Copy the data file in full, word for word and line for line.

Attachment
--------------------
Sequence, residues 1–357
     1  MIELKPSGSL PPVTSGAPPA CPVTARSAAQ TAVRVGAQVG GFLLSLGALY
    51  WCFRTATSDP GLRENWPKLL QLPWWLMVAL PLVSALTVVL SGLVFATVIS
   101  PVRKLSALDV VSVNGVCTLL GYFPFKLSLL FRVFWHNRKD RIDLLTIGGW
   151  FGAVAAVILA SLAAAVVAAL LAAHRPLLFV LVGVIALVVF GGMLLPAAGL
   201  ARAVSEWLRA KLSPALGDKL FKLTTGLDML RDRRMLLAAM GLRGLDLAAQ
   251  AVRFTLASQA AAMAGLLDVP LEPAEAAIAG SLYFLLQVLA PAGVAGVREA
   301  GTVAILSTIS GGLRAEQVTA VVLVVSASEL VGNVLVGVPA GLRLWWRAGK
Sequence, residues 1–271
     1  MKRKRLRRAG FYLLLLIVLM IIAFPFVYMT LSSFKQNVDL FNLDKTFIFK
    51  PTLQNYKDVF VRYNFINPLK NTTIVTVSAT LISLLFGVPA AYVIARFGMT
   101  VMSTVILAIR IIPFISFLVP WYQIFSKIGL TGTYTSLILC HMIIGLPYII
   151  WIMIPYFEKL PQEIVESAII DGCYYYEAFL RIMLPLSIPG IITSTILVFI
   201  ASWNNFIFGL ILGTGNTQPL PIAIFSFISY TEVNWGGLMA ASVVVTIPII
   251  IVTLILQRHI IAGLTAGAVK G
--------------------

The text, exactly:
Sequence, residues 1–357
     1  MIELKPSGSL PPVTSGAPPA CPVTARSAAQ TAVRVGAQVG GFLLSLGALY
    51  WCFRTATSDP GLRENWPKLL QLPWWLMVAL PLVSALTVVL SGLVFATVIS
   101  PVRKLSALDV VSVNGVCTLL GYFPFKLSLL FRVFWHNRKD RIDLLTIGGW
   151  FGAVAAVILA SLAAAVVAAL LAAHRPLLFV LVGVIALVVF GGMLLPAAGL
   201  ARAVSEWLRA KLSPALGDKL FKLTTGLDML RDRRMLLAAM GLRGLDLAAQ
   251  AVRFTLASQA AAMAGLLDVP LEPAEAAIAG SLYFLLQVLA PAGVAGVREA
   301  GTVAILSTIS GGLRAEQVTA VVLVVSASEL VGNVLVGVPA GLRLWWRAGK
Sequence, residues 1–271
     1  MKRKRLRRAG FYLLLLIVLM IIAFPFVYMT LSSFKQNVDL FNLDKTFIFK
    51  PTLQNYKDVF VRYNFINPLK NTTIVTVSAT LISLLFGVPA AYVIARFGMT
   101  VMSTVILAIR IIPFISFLVP WYQIFSKIGL TGTYTSLILC HMIIGLPYII
   151  WIMIPYFEKL PQEIVESAII DGCYYYEAFL RIMLPLSIPG IITSTILVFI
   201  ASWNNFIFGL ILGTGNTQPL PIAIFSFISY TEVNWGGLMA ASVVVTIPII
   251  IVTLILQRHI IAGLTAGAVK G